Our Word of the Year 2019 is . . . upcycling.
This word was chosen based on the Word of the Day that resonated most strongly with fans on the Cambridge Dictionary Instagram account, @CambridgeWords. The word upcycling – defined as the activity of making new furniture, objects, etc. out of old or used things or waste material – received more likes than any other Word of the Day (it was shared on 4 July 2019).
We think that our fans resonated with upcycling not as a word in itself but with the positive idea behind it. Stopping the progression of climate change, let alone reversing it, can seem impossible at times. Upcycling is a concrete action a single human being can take to make a difference.
The number of times upcycling has been looked up on the Cambridge Dictionary website has risen by 181 per cent since December of 2011, when it was first added to the online dictionary, and searches have doubled in the last year alone. So it seems evident that lookups of upcycling reflect the momentum around individual actions to combat climate change – the youth activism sparked by Greta Thunberg, the growing trends of vegan, flexitarian and plant-based diets, reading and following the handbook There is No Planet B, or fashion designers upcycling clothes to create their latest collections.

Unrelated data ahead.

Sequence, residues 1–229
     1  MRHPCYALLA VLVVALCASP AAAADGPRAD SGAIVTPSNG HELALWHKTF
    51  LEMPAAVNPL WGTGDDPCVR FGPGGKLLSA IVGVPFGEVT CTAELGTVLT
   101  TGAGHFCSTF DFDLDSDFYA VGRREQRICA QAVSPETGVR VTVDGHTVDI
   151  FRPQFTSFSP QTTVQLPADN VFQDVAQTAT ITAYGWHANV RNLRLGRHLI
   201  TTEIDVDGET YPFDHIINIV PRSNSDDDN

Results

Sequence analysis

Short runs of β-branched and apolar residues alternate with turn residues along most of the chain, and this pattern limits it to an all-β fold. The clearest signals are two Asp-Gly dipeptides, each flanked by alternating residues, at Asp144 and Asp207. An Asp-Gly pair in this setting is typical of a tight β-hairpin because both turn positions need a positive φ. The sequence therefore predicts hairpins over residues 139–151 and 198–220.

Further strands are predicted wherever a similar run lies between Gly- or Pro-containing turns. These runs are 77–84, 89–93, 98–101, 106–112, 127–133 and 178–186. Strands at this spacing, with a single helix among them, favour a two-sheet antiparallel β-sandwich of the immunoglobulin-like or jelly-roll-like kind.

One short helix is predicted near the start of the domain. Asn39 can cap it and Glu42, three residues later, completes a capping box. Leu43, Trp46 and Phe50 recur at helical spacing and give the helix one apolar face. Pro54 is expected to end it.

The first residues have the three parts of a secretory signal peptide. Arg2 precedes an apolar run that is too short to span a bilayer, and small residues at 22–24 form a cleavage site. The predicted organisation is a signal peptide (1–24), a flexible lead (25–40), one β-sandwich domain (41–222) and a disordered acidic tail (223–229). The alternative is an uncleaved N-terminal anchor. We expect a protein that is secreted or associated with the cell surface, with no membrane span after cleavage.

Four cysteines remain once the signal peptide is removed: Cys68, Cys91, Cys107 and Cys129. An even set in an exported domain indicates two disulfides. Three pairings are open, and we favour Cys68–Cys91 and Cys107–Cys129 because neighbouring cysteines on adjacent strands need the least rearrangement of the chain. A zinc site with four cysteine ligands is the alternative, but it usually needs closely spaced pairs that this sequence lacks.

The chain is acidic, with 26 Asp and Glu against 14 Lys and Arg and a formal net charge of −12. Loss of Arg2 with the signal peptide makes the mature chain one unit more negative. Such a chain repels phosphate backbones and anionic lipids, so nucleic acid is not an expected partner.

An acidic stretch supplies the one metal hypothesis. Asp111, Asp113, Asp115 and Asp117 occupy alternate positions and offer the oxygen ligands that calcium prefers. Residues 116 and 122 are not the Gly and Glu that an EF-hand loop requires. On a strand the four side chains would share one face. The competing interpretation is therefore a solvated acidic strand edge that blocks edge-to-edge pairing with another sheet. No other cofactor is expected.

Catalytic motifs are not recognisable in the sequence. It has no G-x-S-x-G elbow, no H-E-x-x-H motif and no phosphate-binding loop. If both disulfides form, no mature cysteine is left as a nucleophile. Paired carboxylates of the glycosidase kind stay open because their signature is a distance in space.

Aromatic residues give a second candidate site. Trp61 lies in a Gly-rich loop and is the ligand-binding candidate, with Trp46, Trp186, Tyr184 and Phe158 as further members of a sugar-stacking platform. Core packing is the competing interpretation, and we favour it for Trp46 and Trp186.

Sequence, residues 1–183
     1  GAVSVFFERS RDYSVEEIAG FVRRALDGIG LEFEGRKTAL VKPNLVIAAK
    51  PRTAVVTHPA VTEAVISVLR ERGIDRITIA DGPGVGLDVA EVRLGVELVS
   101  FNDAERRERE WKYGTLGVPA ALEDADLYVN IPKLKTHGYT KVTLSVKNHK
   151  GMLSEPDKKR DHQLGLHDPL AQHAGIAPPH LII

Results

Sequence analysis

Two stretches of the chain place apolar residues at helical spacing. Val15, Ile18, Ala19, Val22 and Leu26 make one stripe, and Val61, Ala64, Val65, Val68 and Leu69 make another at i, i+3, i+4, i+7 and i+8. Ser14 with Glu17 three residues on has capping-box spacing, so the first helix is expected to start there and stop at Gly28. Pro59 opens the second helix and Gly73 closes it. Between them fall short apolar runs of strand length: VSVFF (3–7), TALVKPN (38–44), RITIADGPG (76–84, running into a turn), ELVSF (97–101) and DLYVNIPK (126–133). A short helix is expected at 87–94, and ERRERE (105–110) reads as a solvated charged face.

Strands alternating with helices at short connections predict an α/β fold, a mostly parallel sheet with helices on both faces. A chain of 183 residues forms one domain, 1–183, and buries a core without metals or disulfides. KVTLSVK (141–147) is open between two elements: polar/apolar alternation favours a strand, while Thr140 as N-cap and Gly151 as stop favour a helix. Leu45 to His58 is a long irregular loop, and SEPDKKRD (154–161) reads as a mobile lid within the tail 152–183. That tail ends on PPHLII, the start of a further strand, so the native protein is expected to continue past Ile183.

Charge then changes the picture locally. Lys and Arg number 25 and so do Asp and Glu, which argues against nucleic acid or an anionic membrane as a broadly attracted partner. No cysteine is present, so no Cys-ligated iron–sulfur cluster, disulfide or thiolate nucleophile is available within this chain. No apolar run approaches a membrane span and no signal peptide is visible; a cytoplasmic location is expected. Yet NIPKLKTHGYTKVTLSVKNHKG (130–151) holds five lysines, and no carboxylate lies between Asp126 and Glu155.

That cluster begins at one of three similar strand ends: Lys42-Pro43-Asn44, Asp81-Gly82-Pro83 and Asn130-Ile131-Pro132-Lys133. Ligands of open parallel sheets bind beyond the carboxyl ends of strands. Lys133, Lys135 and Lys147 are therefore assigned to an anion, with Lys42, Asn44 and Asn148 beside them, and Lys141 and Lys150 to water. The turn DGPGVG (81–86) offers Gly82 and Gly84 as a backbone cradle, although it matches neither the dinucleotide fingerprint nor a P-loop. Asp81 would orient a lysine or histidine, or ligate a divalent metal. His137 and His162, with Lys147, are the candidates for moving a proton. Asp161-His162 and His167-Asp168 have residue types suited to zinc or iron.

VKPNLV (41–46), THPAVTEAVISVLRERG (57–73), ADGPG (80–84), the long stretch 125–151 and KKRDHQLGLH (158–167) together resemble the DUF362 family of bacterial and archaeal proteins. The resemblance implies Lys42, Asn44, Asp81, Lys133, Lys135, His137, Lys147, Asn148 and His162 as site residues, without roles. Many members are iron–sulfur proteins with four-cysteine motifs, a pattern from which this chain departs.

Other words on the shortlist for Word of the Year 2019 all reflect the same concern with the effects of climate change:
carbon sink noun
an area of forest that is large enough to absorb large amounts of carbon dioxide from the earth’s atmosphere and therefore to reduce the effect of global warming
something that is compostable can be used as compost when it decays
the act of keeping something the same or of preventing it from being damaged
The Cambridge Dictionary editors use data from the website, blogs, and social media to identify and prioritise new additions to the Dictionary. We identified upcycling as a word to include back in 2011 after noticing a spike in searches for the word.
A recent addition is the noun plastic footprint, defined as a measurement of the amount of plastic that someone uses and then discards, considered in terms of the resulting damage caused to the environment. This term, first identified by traditional citation gathering, received 1,048 votes in the New Words blog poll, with 61 per cent of readers saying it should be added to the Cambridge Dictionary.